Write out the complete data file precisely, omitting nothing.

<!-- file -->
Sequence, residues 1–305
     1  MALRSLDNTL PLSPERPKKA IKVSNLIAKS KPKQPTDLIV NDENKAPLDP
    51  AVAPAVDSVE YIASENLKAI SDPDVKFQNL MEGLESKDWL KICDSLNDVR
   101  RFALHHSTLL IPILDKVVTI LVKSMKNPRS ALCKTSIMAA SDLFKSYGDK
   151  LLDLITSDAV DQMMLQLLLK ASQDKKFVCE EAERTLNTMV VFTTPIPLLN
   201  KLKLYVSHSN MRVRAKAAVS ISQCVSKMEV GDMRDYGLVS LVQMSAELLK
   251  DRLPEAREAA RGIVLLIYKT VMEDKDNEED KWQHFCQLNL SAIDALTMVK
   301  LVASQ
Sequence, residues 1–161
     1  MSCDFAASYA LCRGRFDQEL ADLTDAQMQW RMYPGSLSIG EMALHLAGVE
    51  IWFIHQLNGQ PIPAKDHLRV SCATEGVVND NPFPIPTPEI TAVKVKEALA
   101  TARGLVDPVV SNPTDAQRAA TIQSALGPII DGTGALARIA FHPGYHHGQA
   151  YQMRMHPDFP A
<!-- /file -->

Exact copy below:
Sequence, residues 1–305
     1  MALRSLDNTL PLSPERPKKA IKVSNLIAKS KPKQPTDLIV NDENKAPLDP
    51  AVAPAVDSVE YIASENLKAI SDPDVKFQNL MEGLESKDWL KICDSLNDVR
   101  RFALHHSTLL IPILDKVVTI LVKSMKNPRS ALCKTSIMAA SDLFKSYGDK
   151  LLDLITSDAV DQMMLQLLLK ASQDKKFVCE EAERTLNTMV VFTTPIPLLN
   201  KLKLYVSHSN MRVRAKAAVS ISQCVSKMEV GDMRDYGLVS LVQMSAELLK
   251  DRLPEAREAA RGIVLLIYKT VMEDKDNEED KWQHFCQLNL SAIDALTMVK
   301  LVASQ
Sequence, residues 1–161
     1  MSCDFAASYA LCRGRFDQEL ADLTDAQMQW RMYPGSLSIG EMALHLAGVE
    51  IWFIHQLNGQ PIPAKDHLRV SCATEGVVND NPFPIPTPEI TAVKVKEALA
   101  TARGLVDPVV SNPTDAQRAA TIQSALGPII DGTGALARIA FHPGYHHGQA
   151  YQMRMHPDFP A